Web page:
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- For information on Wisconsin's natural communities, contact:
- Ryan O'Connor
Natural Heritage Inventory Assistant Ecologist
State Rank: S4 Global Rank: G4G5
General natural community overview
Muskegs are cold, acidic, sparsely wooded northern peatlands with composition similar to the Open Bogs (sharing mosses, sedges, and ericaceous shrubs), but with scattered stunted trees of black spruce (Picea mariana) and tamarack (Larix laricina). Plant diversity is typically low, but the community is important for a number of boreal bird and butterfly species, some of which are quite specialized and not found in other communities.
Species of Greatest Conservation Need
The following Species of Greatest Conservation Need are listed according to their level of association with the Muskeg natural community type, based on the findings in Wisconsin's 2015 Wildlife Action Plan.
Scores: 3 = significantly associated, 2 = moderately associated, and 1 = minimally associated.
|Four-toed Salamander||Hemidactylium scutatum||3|
|Mink Frog||Lithobates septentrionalis||3|
|Pickerel Frog||Lithobates palustris||2|
|Ants, wasps, and bees||Score|
|Frigid Bumble Bee||Bombus frigidus||2|
|Confusing Bumble Bee||Bombus perplexus||1|
|A Minute Moss Beetle||Hydraena angulicollis||1|
|American Bittern||Botaurus lentiginosus||2|
|American Black Duck||Anas rubripes||2|
|Olive-sided Flycatcher||Contopus cooperi||2|
|Ruby-crowned Kinglet||Regulus calendula||2|
|Rusty Blackbird||Euphagus carolinus||2|
|Whooping Crane||Grus americana||2|
|Yellow Rail||Coturnicops noveboracensis||2|
|Black-backed Woodpecker||Picoides arcticus||1|
|Connecticut Warbler||Oporornis agilis||1|
|Gray Jay||Perisoreus canadensis||1|
|Henslow's Sparrow||Ammodramus henslowii||1|
|Sharp-tailed Grouse||Tympanuchus phasianellus||1|
|Spruce Grouse||Falcipennis canadensis||1|
|Butterflies and moths||Score|
|Arctic Fritillary||Boloria chariclea||3|
|Midwestern Fen Buckmoth||Hemileuca nevadensis ssp. 3||1|
|Dragonflies and damselflies||Score|
|Forcipate Emerald||Somatochlora forcipata||3|
|Subarctic Darner||Aeshna subarctica||3|
|Zigzag Darner||Aeshna sitchensis||3|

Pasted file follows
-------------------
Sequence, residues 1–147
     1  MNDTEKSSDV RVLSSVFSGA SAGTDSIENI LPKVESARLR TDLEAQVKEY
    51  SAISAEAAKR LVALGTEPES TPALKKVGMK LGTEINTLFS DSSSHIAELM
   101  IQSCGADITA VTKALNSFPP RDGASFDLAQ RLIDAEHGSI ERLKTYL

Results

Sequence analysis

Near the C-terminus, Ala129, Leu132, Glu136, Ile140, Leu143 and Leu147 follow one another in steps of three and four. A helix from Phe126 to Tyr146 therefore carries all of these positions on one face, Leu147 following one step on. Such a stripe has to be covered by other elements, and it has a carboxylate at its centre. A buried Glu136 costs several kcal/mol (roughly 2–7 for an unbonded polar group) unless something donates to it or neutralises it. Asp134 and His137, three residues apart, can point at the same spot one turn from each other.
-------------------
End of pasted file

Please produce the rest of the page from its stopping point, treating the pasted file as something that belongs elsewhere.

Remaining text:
|Incurvate Emerald||Somatochlora incurvata||2|
|Ringed Boghaunter||Williamsonia lintneri||2|
|Sphagnum Sprite||Nehalennia gracilis||2|
|Grasshoppers and allies||Score|
|Crackling Forest Grasshopper||Trimerotropis verruculata||1|
|Spotted-winged Grasshopper||Orphulella pelidna||1|
|Little Brown Bat||Myotis lucifugus||2|
|Northern Long-eared Bat||Myotis septentrionalis||2|
|Silver-haired Bat||Lasionycteris noctivagans||2|
|Big Brown Bat||Eptesicus fuscus||1|
|Eastern Pipistrelle||Perimyotis subflavus||1|
|Water Shrew||Sorex palustris||1|
|Woodland Jumping Mouse||Napaeozapus insignis||1|
|Eastern Massasauga||Sistrurus catenatus||3|
|Eastern Ribbonsnake||Thamnophis sauritus||3|
Please see Section 2. Approach and Methods of the Wildlife Action Plan to learn how this information was developed.
The Natural Heritage Inventory has developed scores indicating the degree to which each of Wisconsin's rare plant species is associated with a particular natural community or ecological landscape. This information is similar to that found in the Wildlife Action Plan for animals. As this is a work in progress, we welcome your suggestions and feedback.
|Scientific Name||Common Name||Score|
|Pseudevernia consocians||Common Antler Lichen||3|
The following Ecological Landscapes have the best opportunities to manage for Muskeg, based on the Ecological Landscapes of Wisconsin Handbook.
|North Central Forest||Major|
|Superior Coastal Plain||Important|
Major (3 on map)
A major opportunity for sustaining the natural community in the Ecological Landscape exists, either because many significant occurrences of the natural community have been recorded in the landscape or major restoration activities are likely to be successful maintaining the community's composition, structure, and ecological function over a longer period of time.
Important (2 on map)
Although the natural community does not occur extensively or commonly in the Ecological Landscape, one to several occurrences do occur and are important in sustaining the community in the state. In some cases, important opportunities may exist because the natural community may be restricted to just one or a few Ecological Landscapes within the state and there may be a lack of opportunities elsewhere.
Present (1 on map)
The natural community occurs in the Ecological Landscape, but better management opportunities appear to exist in other parts of the state.
What are conservation actions?
Conservation actions respond to issues or threats, which adversely affect species of greatest conservation need (SGCN) or their habitats. Besides actions such as restoring wetlands or planting resilient tree species in northern communities, research, surveys and monitoring are also among conservation actions described in the WWAP because lack of information can threaten our ability to successfully preserve and care for natural resources.
Note: photos are provided to illustrate various examples of natural community types. A single photograph cannot represent the range of variability inherent in a given community type. Some of these photos explicitly illustrate unusual and distinctive community variants. The community photo galleries are a work in progress that we will expand and improve in the future.